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Adolescents with Turkish background in Norway and Sweden.: A comparative study of their psychological adaptation
Stockholm University, Faculty of Social Sciences, Centre for Research in International Migration and Ethnic Relations (CEIFO).
Stockholm University, Faculty of Social Sciences, Centre for Research in International Migration and Ethnic Relations (CEIFO).
2004 (Swedish)In: Scandinavian Journal of Psychology, ISSN 0036-5564, E-ISSN 1467-9450, Vol. 45, no 1, 15-25 p.Article in journal (Refereed) Published
Abstract [en]

Virta, E., Sam, D. L. & Westin, C. (2004). Adolescents with Turkish background in Norway and Sweden: A comparative study of their psychological adaptation. Scandinavian Journal of Psychology, 45, 15–25. Using a questionnaire survey, this study compared psychological adaptation (self-esteem, life satisfaction, and mental health problems) of Turkish adolescents in Norway and Sweden, and examined to what extent ethnic and majority identities, acculturation strategies, and perceived discrimination accounted for adaptation among Turkish adolescents. The samples consisted of 407 Turks (111 in Norway and 296 in Sweden) with a mean age of 15.2 years and 433 host adolescents (207 in Norway, 226 in Sweden) with a mean age of 15.6 years. Turks in Norway reported poorer psychological adaptation than Turks in Sweden. Predictors of good adaptation were Turkish identity and integration, whereas poor adaptation was related to marginalization and perceived discrimination. The results indicated that the poorer adaptation of Turks in Norway compared to that of Turks in Sweden could be due to lower degree of Turkish identity and higher degree of perceived discrimination.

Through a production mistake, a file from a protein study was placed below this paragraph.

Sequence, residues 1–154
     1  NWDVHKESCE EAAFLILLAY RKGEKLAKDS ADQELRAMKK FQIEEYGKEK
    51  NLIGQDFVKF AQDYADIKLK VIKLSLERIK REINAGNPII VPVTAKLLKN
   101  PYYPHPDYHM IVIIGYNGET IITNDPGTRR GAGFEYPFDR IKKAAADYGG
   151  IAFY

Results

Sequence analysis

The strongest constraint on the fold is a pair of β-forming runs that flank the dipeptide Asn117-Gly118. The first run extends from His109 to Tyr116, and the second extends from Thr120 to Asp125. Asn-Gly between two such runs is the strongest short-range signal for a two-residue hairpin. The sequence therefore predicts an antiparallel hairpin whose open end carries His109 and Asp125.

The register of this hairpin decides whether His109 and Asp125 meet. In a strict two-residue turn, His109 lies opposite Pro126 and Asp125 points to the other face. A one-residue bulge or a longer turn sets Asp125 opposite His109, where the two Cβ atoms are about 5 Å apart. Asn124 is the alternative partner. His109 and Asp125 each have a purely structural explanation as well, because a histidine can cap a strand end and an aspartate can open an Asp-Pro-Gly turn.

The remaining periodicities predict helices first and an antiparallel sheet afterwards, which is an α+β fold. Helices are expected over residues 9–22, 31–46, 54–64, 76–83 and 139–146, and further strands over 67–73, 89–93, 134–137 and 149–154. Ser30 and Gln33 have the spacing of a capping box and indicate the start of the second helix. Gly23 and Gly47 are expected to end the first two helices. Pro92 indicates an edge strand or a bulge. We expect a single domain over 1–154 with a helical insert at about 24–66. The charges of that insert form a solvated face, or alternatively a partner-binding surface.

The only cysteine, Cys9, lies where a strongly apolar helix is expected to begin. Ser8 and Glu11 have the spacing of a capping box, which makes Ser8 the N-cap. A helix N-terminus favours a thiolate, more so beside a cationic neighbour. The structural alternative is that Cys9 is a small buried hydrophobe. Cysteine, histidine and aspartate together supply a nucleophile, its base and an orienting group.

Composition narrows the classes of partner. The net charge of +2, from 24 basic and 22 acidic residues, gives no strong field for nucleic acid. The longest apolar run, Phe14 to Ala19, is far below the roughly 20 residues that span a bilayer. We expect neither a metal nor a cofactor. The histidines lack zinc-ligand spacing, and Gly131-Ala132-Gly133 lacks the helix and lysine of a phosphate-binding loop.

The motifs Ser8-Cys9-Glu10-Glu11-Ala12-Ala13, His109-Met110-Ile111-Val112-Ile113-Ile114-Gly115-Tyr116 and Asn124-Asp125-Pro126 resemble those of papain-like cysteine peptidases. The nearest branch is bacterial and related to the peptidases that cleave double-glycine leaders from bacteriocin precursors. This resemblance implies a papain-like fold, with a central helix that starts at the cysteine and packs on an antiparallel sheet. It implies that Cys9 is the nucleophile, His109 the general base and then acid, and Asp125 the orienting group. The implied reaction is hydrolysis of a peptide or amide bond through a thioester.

Place, publisher, year, edition, pages
2004. Vol. 45, no 1, 15-25 p.
Keyword [en]
Acculturation, adolescents, immigrants, life satisfaction, mental health, self-esteem, Turks
Identifiers
URN: urn:nbn:se:su:diva-13632DOI: 10.1111/j.1467-9450.2004.00374.xOAI: oai:DiVA.org:su-13632DiVA: diva2:180152
Available from: 2008-04-18 Created: 2008-04-18 Last updated: 2017-12-13Bibliographically approved

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